Could a bee exhibit have a more clever name than "What's the Buzz?" The New Mexico Farm & Ranch Heritage Museum in Las Cruces just installed a new exhibit that offers insights into the past and present of beekeeping. I offered some help with text and topics, so I've seen some of the images now that it is ready for the public. Here is the title image and the acknowledgement panel.
Check it out if you are on the cultural trail of the honeybee!
The 2016 package bee season is underway! For people interested in acquiring bees for this year, there is still some space on the second load that will arrive in early May. The early April load is already stacked up in our Lynnville building waiting for their owners to get them.
After all of these years, we also finally have a nice sign posted to let people know they've arrived at the Lynnville location!
Well, I'm not quite done with a few of the spring chores, but there are major forward steps on the tasks I mentioned in the last post.
The Lynnville team got the new deck on the trailer and looking quite fancy. My dad kindly drilled almost all of the holes to put it together. Now I have it over in Mount Vernon and ready to haul.
The garage interior still needs some paint and a visit from the electrical fairy, but it is getting very close. Here is Matt putting on a new coat of paint:
And here is a finished wall with a couple of windows that I built into the north wall. I like light and seeing who is coming and going in the driveway:
My youngest worker became very fond of DeWalt drivers during the garage project--I hope it sticks with him! Of course, he has on a trusty Mann Lake hat as well.
Putting up some photos of the refurbished Woodman has inspired me to share a few photos of other items on the list for completion before splitting season hits in April.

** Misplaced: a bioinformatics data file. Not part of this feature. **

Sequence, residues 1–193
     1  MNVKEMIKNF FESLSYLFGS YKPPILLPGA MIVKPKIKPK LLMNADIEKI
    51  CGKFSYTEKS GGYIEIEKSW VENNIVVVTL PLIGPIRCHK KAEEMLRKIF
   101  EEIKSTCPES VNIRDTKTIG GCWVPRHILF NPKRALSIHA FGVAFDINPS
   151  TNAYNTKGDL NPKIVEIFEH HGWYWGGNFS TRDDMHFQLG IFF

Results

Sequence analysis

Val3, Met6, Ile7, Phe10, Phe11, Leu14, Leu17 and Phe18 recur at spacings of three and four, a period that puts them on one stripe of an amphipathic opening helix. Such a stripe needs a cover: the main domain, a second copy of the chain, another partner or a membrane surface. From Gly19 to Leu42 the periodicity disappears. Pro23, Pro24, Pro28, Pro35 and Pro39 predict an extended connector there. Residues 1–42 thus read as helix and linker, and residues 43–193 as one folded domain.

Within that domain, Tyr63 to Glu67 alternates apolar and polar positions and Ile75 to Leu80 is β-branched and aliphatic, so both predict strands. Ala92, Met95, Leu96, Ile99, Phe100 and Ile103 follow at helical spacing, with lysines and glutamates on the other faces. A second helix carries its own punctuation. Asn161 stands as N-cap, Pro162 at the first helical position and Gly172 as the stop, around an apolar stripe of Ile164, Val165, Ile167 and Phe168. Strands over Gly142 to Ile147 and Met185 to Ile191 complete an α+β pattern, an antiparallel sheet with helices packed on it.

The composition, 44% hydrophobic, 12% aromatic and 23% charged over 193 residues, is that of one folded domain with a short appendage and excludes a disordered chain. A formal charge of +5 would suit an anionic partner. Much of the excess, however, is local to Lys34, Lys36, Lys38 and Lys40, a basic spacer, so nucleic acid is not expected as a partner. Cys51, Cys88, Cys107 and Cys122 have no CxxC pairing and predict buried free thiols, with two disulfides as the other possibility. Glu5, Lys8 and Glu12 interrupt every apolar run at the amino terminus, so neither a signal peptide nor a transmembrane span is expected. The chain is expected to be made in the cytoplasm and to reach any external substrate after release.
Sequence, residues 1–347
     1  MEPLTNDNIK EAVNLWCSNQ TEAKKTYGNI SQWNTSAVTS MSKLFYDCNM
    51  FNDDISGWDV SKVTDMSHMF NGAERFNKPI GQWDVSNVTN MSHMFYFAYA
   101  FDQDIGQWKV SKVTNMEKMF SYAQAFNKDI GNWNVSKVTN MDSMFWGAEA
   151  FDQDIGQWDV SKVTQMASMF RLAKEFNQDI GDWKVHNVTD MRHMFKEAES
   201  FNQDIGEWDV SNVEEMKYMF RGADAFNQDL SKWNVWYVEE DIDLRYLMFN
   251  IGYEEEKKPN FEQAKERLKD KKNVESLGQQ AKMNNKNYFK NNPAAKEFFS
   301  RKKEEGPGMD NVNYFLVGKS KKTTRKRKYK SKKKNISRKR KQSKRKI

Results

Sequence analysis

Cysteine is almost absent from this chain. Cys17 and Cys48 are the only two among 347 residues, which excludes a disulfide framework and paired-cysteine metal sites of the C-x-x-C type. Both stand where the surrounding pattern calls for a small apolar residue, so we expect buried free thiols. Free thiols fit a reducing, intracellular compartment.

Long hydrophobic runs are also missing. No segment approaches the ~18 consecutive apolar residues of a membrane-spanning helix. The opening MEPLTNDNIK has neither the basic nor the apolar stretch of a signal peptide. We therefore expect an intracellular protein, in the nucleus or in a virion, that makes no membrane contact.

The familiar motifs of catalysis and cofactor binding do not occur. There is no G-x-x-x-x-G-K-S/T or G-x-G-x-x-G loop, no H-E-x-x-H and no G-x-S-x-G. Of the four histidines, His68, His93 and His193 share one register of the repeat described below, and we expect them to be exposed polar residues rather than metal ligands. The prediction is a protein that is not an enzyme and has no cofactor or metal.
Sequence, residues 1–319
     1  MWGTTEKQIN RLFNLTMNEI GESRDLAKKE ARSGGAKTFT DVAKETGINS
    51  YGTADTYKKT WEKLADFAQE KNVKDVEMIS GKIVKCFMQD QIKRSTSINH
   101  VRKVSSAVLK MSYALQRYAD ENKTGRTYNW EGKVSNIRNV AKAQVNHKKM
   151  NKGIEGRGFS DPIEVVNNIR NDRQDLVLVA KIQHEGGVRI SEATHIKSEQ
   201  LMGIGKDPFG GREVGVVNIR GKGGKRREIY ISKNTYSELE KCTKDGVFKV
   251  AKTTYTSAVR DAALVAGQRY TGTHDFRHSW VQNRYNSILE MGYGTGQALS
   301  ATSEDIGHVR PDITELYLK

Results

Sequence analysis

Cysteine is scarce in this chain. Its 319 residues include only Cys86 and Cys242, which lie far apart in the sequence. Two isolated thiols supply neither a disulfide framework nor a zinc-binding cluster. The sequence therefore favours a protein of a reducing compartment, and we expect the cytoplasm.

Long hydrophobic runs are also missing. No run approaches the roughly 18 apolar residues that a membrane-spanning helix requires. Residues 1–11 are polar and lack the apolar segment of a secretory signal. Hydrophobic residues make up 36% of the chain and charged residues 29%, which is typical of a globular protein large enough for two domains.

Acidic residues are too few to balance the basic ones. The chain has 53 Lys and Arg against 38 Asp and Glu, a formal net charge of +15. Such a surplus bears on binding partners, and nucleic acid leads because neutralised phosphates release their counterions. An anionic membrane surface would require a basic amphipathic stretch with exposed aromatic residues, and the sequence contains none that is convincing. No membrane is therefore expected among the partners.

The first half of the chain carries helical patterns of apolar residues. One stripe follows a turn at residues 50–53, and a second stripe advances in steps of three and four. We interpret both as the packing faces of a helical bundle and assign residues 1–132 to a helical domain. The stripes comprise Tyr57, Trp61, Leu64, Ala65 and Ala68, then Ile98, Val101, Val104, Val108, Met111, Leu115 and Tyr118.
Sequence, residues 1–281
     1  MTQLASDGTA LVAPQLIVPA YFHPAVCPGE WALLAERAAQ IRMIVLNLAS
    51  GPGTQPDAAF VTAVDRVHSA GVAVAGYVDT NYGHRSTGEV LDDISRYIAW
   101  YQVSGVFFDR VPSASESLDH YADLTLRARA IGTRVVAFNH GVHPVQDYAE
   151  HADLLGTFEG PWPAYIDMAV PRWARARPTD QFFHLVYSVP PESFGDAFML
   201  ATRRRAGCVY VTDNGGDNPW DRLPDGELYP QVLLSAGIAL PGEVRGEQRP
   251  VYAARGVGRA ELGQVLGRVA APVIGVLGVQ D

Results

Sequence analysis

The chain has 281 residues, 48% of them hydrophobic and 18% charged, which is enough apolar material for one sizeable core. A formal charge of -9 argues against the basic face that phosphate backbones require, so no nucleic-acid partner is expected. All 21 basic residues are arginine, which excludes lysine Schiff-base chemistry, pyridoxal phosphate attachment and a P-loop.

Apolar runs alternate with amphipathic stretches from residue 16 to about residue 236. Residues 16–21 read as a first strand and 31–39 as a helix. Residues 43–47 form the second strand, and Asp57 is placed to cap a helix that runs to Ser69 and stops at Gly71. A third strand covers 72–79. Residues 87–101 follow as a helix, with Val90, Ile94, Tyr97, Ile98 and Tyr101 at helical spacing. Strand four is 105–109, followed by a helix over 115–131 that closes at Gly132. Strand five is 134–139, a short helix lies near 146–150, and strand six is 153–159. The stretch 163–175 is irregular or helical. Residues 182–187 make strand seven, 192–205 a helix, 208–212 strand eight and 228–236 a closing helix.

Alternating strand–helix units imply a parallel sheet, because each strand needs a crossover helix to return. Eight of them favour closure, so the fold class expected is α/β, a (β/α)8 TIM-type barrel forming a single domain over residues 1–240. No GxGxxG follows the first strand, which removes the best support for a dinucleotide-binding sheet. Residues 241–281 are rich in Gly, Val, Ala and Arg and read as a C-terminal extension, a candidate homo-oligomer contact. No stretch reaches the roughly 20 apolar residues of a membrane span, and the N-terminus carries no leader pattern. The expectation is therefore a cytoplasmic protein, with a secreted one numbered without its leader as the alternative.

In the equipment realm, the Lynnville crew is working on putting a new deck on the overdeck trailer that I'll be pulling this summer. Some of the boards are on it now, but I'll try to get a pic when it's all done.
I'm also finally diving into the small garage that I'm transforming into a workshop. I knew the window spaces were totally rotten, but it turned out that there was quite a bit more work needed to shore up the framing than I anticipated. Kicking the siding in a couple of places made the whole wall shake because several studs were no longer attached to the mudsill. Some areas on the concrete floor didn't really have wood in any form--it had totally decomposed into rich-looking dirt. Here are a few peeks from the stripped down save-the-building phase. The end is in sight now, so it should only be a couple of weeks before I can put up images documenting the contrast.
Hopefully finishing these projects will help me keep this guy's honey bear full!
The mild winter is swiftly turning very springlike. High temperatures for the next ten days range from the upper fifties to seventy, and tree pollen started coming today. I'm nervous for orchard growers who will almost certainly face an early bloom and threat of a frost during the pollination period, but hopefully all goes well on that front.
In the meantime, I will focus on the consequences of early spring in the bee yards. Brood production will start to ramp up immediately at the present temperatures with pollen available. This will turnover the overwintered population more quickly, stimulate varroa increase, and consume honey/syrup stores at swifter rates. Since pollen collection precedes nectar availability in our region, there is always a threat that the hive will outstrip its carbohydrate supply when serious brood rearing commences.
Overall, however, I'm very happy about the warm temperatures and the opportunity for the bees to get an early jump on 2016 foraging.
Here is a video celebrating the moment!